US37159A - Improvement in centrifugal guns - Google Patents

Improvement in centrifugal guns Download PDF


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US37159A US37159DA US37159A US 37159 A US37159 A US 37159A US 37159D A US37159D A US 37159DA US 37159 A US37159 A US 37159A
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    • A63B69/00Training appliances or apparatus for special sports
    • A63B69/40Stationarily-arranged devices for projecting balls or other bodies
    • A63B69/406Stationarily-arranged devices for projecting balls or other bodies with rotating discs, wheels or pulleys gripping and propelling the balls or bodies by friction


. '2 Sheets-Sheet EATQN & TURNER.
Machine Gun.
Patented Dec. 16; 1862.
@m' g; J WW Witnesses.
v v 2 S.he;ts'Sheet 2.. hATON & TURNER,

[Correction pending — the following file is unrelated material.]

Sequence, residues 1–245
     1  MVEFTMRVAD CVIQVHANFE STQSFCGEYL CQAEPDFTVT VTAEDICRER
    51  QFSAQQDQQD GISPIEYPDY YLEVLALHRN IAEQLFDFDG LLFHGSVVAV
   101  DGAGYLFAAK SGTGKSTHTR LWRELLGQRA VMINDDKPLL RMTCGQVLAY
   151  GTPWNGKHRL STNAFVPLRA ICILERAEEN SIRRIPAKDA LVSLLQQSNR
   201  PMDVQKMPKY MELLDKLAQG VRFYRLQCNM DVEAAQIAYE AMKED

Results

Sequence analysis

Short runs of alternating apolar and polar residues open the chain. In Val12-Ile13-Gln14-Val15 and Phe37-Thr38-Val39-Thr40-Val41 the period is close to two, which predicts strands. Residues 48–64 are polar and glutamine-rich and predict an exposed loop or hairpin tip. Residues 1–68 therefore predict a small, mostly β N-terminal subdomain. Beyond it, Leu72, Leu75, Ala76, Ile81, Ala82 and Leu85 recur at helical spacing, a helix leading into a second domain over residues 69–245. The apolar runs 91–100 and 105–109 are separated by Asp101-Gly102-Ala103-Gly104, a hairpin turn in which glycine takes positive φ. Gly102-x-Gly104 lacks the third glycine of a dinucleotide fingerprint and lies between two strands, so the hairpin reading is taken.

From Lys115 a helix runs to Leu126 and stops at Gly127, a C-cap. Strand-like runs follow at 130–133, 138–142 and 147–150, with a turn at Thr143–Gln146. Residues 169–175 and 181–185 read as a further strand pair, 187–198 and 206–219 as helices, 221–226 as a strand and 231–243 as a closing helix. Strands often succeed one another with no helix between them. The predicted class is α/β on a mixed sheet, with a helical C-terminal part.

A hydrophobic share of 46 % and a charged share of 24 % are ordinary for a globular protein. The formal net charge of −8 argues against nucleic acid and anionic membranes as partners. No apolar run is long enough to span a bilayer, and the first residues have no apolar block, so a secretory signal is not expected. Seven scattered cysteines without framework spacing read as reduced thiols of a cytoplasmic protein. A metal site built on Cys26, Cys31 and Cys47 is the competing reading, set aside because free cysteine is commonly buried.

Machine Gun.
PaLenIed Dec. 16. 1862.
P E-5.5.. E32,
Specification forming part of Letters Patent No. 37,159, dated December 16, 1862.
To all when it may concern:
Be it known that we, GILBERT C. EATON and SAMUEL W. TURNER, of Cleveland, in the county of Ouyahoga and State of Ohio, have invented new and useful Improvements in an Engine which we denominate a Compound Centrifugal Gun and we do hereby declare that the following is a full and complete description of the construction and operation of the same, reference being had to the accompanying drawings, making part of this specification, in which- Figure 1 is a top view. Fig. 2 is a vertical section in the direction of the line aw in Fig. 3, and Fig. 3 is a side view. Figs. 4 to 17, inclusive, are detached sections.
Like letters refer to like parts.